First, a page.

transactions as well as quality product and supply and demand information. Ultimately,
our team anticipates that with The World Food ExtraNet, players in the food industry will
be able to gain a major competitive advantage.
Project Team and Roles
Joe Yiwei Zhou
As project leader, Joe was responsible for directing and
coordinating the entire project team. He helped facilitate formal
and informal decision making in order to achieve the agreed goals
and objectives of our project. This process involved a high degree
of interaction and led to the formulation of our strategies. He also
helped to define the "customer's needs", the cost/benefits of our
project, and the security analysis.
Sandy Lee
As Web site architect, Sandy was responsible for the design and
structure of The World Food ExtraNet. Her proficiency in Web
design, HTML, XML, and ASP as well as her commanding
knowledge of tools such as Homesite enabled her to build the
front-end that would hide the inner programming logic of The
World Food ExtraNet. She created the graphics and color scheme
for the site and helped with the content. She also helped write
and manage the ASP code.
Natalie Teruya
As programmer analyst, Natalie was responsible for developing
the process diagram that formed the foundation for the
programming logic used in The World Food ExtraNet. Natalie’s
deep knowledge of programming techniques made the proposed
features of the project possible. She developed a VB
application/DLL file to respond to the credit results received from
the queue. She also developed the following functionalities:
 ASP code that builds xml to send to the credit
authorization queue
 ASP code that retrieves a message from a queue and
extracts needed information from the xml message
 ASP code that updates the database for the credit
authorization queue results
 VB code that would act as a listener for the receiving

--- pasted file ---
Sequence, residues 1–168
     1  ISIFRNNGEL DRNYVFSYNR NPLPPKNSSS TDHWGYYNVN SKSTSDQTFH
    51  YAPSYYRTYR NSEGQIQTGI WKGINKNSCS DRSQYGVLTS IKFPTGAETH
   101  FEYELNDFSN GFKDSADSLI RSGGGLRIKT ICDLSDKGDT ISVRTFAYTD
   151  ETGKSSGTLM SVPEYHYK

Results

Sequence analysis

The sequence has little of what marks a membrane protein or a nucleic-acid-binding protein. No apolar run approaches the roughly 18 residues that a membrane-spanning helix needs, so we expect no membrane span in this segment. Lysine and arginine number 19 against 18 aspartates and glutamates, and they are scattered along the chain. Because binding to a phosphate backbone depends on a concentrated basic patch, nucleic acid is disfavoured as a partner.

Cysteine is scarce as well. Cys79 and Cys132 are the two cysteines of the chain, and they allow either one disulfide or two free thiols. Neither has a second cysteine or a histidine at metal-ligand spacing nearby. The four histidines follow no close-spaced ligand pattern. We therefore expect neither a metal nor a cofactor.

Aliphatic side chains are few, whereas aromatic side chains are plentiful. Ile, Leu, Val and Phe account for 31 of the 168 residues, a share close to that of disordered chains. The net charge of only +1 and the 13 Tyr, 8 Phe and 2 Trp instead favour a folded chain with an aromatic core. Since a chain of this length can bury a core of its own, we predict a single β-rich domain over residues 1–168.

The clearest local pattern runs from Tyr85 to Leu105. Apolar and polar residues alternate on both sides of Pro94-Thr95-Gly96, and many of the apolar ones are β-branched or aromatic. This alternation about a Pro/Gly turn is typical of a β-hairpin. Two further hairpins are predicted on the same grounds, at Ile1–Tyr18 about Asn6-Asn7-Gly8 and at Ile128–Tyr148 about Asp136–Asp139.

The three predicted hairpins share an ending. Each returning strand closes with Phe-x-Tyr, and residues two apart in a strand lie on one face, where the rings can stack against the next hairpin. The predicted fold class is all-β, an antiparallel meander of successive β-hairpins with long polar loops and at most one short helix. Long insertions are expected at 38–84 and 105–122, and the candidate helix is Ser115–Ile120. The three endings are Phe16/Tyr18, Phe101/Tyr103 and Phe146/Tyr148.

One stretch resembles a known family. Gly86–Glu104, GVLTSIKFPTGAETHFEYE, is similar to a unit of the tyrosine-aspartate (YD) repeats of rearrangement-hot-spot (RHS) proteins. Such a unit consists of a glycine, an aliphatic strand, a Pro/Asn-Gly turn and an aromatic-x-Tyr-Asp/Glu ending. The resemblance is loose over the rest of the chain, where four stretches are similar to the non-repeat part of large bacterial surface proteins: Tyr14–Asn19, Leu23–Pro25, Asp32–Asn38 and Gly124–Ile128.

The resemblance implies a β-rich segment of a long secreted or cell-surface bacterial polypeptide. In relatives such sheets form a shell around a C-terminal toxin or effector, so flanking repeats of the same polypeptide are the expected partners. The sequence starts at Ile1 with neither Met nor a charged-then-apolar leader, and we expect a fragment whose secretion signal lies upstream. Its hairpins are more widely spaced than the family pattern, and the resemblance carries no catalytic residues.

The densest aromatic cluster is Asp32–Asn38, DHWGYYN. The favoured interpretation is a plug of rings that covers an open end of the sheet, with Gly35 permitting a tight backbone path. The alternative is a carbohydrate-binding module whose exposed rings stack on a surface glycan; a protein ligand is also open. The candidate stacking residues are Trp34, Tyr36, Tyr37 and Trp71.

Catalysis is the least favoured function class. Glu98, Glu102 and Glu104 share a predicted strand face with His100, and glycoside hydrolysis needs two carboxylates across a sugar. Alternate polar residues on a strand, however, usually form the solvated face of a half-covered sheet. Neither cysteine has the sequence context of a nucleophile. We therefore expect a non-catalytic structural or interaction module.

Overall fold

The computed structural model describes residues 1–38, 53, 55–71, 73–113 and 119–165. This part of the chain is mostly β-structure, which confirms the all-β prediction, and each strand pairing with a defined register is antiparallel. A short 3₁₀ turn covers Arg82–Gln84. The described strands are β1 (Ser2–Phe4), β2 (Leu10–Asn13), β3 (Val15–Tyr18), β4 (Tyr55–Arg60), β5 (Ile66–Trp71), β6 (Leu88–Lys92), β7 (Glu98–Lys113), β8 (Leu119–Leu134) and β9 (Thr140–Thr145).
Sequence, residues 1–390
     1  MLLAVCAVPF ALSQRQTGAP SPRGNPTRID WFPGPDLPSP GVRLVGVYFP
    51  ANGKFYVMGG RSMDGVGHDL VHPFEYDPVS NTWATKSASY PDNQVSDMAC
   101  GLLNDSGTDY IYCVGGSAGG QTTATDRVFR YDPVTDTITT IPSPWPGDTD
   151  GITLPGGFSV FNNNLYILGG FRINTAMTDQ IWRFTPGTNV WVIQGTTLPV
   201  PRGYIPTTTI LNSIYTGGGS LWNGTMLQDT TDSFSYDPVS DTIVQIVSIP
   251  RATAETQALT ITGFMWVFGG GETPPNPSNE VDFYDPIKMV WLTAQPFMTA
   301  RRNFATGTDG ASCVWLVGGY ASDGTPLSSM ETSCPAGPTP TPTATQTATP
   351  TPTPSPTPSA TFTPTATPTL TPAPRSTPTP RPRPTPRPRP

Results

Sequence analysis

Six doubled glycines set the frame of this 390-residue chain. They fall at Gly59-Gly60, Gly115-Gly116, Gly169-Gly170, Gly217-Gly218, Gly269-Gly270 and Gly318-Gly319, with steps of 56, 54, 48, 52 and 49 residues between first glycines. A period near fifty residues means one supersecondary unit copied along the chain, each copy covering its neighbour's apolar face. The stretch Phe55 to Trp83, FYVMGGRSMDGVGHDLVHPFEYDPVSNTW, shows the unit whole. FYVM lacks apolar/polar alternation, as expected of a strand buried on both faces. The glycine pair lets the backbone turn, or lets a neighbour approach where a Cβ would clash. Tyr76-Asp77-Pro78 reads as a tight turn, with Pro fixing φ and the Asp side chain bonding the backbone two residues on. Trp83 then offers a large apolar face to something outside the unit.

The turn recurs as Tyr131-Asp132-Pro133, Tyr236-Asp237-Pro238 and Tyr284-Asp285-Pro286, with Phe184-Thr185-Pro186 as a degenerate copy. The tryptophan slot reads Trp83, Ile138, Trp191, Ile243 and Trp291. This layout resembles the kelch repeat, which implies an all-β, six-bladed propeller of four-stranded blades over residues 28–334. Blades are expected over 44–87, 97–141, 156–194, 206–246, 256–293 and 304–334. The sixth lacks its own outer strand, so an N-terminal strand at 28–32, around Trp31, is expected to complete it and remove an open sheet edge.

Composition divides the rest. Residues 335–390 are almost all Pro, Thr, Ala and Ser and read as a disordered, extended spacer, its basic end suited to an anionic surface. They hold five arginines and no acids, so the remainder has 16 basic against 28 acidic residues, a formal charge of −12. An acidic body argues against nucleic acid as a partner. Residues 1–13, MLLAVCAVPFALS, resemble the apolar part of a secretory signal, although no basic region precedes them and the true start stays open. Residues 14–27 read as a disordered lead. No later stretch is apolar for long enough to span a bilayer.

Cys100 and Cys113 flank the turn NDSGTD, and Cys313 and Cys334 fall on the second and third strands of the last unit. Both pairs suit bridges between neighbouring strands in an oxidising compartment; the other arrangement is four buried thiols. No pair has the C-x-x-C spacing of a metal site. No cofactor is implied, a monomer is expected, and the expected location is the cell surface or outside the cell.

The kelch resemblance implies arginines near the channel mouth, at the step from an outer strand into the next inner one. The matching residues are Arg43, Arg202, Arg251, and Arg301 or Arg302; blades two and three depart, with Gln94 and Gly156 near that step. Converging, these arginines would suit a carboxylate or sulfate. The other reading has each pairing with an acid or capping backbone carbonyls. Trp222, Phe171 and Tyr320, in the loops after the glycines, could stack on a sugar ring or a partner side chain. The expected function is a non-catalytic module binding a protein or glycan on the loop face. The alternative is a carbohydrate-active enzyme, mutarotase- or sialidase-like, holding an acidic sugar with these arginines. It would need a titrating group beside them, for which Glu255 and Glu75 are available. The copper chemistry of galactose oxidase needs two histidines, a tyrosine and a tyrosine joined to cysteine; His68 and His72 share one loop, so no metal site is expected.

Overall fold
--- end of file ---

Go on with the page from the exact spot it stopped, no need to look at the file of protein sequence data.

queue (this feature would be functional if we had access to
the server that contains the queue)
Jason Kemper
As the documentation specialist, Jason was primarily
responsible for translating the ideas and notes of the team
members into a narrative format for our stakeholders. He created
the project abstract as well as the project summary deliverables.
He edited documents produced by the other team members and
coordinated these documents. He also researched the food supply
industry and wrote the content for The World Food ExtraNet site.
Jin Sung Kong
As a system analyst, Jin contributed to creating the process
diagram. He also performed a security analysis of The World
Food ExtraNet and recommended policies and procedures for the
site. Jin also developed diagrams to illustrate the complex
security infrastructure.
As our e-commerce specialists, Krissada and Thamaraj were
responsible for designing and developing the ASP logic for the
shopping cart for The World Food ExtraNet. Their grasp of ASP
and SQL technologies also enabled them to integrate the database
with The World Food ExtraNet site.
System Solution Architectural Overview
As the above diagram shows, The World Food ExtraNet utilizes MSMQ to send
requests to and receive responses from the Credit Authorization application.
Sending a request
When the user decides to check out and before the order is completed, the user is sent
through a verification process. Upon final verification of the order and billing
information, the user will hit the “Submit Order” button. This action triggers two steps:
(1) an update of the database for the order and order details and (2) the building and
sending of the XML string that makes up the credit authorization request to the MSMQ
queue. During step 2, a response queue is also specified and relays to the credit
authorization application the location of the queue that will be checked for authorization
responses. Once the message has successfully been sent to the queue, the transaction is
considered complete. At this point, the order’s credit status is “pending”. The user is
told that an order confirmation will be received within 24 hours.
Receiving a response
In the “live” version of The World Food ExtraNet, a “listener” application would be
implemented. The purpose of this application would be to trigger an event that
corresponds to a new message being places on the response queue. (This application
would have to be running on a machine that has proper access rights to the response
queue. Therefore, it was not implemented for this project.) The listener would load
another application (for the project, this is implemented using ASP code) when a new
message, an authorization response, was put on the queue. This application retrieves the
message from the queue and parses the XML response.
If the appropriate amount of credit is approved, the application will update the database,
giving the order a credit status of “good”. The confirmation will then be emailed to the
user and the order is then forwarded on to the appropriate suppliers. (The email portion
is also not implemented for this project.) If credit is rejected, the database will be